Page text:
In a new study entitled “TLR4 has a TP53-dependent dual role in regulating breast cancer cell growth” researchers discovered a specific immune protein called TLR4 has a dual role in either promoting or inhibiting breast cancer growth, depending on the status of a particular gene. The study was published in the journal Proceedings of the National Academy of Sciences.
Researchers from the University of Texas MD Anderson Cancer Center discovered that drugs targeting the immune receptor protein TLR4 to inhibit cancer growth may actually promote cancer cells’ proliferation in breast cancer patients, depending on the status of the Tumor Protein p53 gene (TP53). The study fundamentally changed researchers’ concept of TLR4 as a driver for breast cancer.
TLR4 was previously considered to promote tumor growth (known as oncogene) and thus therapies targeting TLR4 expression are currently being developed to inhibit TLR4 activity and consequently, eliminate cancer cells. Now, this study showed that TLR4 drives breast cancer cell growth depending on the activity of TP53, one of the major known tumor suppressor genes. In fact, TP53 is one of the most mutated genes in cancers, with 30 to 50% of breast tumors exhibiting mutated forms of TP53.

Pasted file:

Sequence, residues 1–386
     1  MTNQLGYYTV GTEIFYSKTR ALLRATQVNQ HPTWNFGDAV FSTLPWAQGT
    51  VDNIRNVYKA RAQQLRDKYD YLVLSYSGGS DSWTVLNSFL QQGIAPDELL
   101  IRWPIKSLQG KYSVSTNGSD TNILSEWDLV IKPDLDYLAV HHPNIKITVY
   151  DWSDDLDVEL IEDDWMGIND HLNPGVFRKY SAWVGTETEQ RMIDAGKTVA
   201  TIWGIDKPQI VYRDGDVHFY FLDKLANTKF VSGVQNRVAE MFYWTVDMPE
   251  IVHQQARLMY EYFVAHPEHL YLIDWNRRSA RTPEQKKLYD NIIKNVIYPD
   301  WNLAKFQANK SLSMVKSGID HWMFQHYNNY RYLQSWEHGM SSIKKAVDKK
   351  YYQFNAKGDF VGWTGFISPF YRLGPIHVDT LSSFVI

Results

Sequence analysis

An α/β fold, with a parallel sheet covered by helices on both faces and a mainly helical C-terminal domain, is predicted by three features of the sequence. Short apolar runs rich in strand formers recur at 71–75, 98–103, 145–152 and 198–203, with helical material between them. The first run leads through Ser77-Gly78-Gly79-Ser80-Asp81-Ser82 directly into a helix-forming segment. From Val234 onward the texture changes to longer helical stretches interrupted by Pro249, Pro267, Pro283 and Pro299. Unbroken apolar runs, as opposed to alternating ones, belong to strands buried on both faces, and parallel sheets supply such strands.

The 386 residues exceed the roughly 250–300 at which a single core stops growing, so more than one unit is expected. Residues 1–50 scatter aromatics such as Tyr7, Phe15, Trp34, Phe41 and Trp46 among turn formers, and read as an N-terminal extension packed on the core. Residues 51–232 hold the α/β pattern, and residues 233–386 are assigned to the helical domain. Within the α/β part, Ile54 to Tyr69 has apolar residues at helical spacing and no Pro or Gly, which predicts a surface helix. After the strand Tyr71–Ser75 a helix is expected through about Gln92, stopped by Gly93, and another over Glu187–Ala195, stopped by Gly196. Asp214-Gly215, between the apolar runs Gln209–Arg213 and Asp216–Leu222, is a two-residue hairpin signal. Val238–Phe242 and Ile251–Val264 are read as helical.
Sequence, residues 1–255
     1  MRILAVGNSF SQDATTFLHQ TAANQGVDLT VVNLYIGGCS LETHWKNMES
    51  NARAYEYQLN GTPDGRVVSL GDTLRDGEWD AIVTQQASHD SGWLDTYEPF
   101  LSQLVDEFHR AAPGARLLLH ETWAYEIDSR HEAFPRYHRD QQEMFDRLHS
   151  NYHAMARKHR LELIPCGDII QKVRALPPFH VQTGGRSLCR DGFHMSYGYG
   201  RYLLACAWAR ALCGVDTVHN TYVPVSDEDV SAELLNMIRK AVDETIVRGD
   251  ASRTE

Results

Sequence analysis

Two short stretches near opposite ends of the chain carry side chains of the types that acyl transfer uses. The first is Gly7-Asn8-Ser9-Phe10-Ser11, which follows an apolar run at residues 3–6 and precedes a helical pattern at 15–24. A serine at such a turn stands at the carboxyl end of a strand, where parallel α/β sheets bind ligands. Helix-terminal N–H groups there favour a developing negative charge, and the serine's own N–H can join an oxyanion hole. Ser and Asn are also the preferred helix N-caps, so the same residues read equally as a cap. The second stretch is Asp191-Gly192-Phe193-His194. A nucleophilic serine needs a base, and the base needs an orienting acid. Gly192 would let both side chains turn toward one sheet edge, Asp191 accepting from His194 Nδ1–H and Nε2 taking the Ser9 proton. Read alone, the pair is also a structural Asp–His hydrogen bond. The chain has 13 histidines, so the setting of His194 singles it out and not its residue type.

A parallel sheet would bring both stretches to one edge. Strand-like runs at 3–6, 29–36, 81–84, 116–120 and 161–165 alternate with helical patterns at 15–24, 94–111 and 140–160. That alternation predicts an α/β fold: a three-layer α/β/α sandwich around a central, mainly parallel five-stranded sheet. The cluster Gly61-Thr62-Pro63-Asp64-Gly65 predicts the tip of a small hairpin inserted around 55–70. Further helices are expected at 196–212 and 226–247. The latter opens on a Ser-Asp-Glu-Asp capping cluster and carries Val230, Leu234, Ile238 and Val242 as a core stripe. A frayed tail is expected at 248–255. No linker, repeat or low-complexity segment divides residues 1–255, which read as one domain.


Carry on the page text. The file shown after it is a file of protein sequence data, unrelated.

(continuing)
Now, the research team discovered that TLR4 activation leads to a dual phenotype – while it inhibits growth of TP53 wild-type cells, it actually promotes the growth of breast cancer cells with mutant TP53. The authors performed further studies and observed that the dual effect of TLR4 was associated with changes in tumoral cytokine secretion: TLR4 activation in TP53 mutant breast cancer cells led to an increase in cytokines production promoting cellular growth; on the contrary, TLR4 activation in TP53 wild-type breast cancer cells increased the expression of interferon gamma, a key signal with an established role in tumoral suppression.
These results highlight TLR4 dual role in tumor growth and establish a key finding to consider when designing clinical settings –TP53 mutant breast tumors can be treated with TLR4 inhibitory therapies, whereas the same treatment will promote tumoral growth if they carry TP53 wild-type tumors.
Powel Brown, M.D., Ph.D., professor and chair, Clinical Cancer Prevention and study lead author noted, “This study demonstrated that while TLR4 can function as an oncogene in some breast cancer cells, it acts as a growth suppressor in cases where TP53 is wild-type. Therefore, it may be dangerous to inhibit TLR4 in those cases as you may actually promote cancer growth.”
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